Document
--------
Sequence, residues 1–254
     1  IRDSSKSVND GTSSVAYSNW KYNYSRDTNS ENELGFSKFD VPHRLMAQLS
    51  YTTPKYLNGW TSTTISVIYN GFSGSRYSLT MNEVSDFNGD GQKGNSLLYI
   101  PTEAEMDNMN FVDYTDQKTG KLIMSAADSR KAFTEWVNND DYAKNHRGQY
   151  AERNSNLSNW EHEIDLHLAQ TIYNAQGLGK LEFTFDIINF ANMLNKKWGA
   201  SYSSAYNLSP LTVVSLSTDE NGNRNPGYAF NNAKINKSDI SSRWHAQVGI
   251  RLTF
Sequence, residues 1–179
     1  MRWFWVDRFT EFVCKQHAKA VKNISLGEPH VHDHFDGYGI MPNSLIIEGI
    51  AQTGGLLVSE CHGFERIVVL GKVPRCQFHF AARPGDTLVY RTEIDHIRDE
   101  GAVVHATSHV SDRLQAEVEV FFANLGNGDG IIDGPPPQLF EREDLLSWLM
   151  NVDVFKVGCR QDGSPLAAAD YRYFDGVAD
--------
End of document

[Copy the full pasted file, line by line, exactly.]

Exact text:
Sequence, residues 1–254
     1  IRDSSKSVND GTSSVAYSNW KYNYSRDTNS ENELGFSKFD VPHRLMAQLS
    51  YTTPKYLNGW TSTTISVIYN GFSGSRYSLT MNEVSDFNGD GQKGNSLLYI
   101  PTEAEMDNMN FVDYTDQKTG KLIMSAADSR KAFTEWVNND DYAKNHRGQY
   151  AERNSNLSNW EHEIDLHLAQ TIYNAQGLGK LEFTFDIINF ANMLNKKWGA
   201  SYSSAYNLSP LTVVSLSTDE NGNRNPGYAF NNAKINKSDI SSRWHAQVGI
   251  RLTF
Sequence, residues 1–179
     1  MRWFWVDRFT EFVCKQHAKA VKNISLGEPH VHDHFDGYGI MPNSLIIEGI
    51  AQTGGLLVSE CHGFERIVVL GKVPRCQFHF AARPGDTLVY RTEIDHIRDE
   101  GAVVHATSHV SDRLQAEVEV FFANLGNGDG IIDGPPPQLF EREDLLSWLM
   151  NVDVFKVGCR QDGSPLAAAD YRYFDGVAD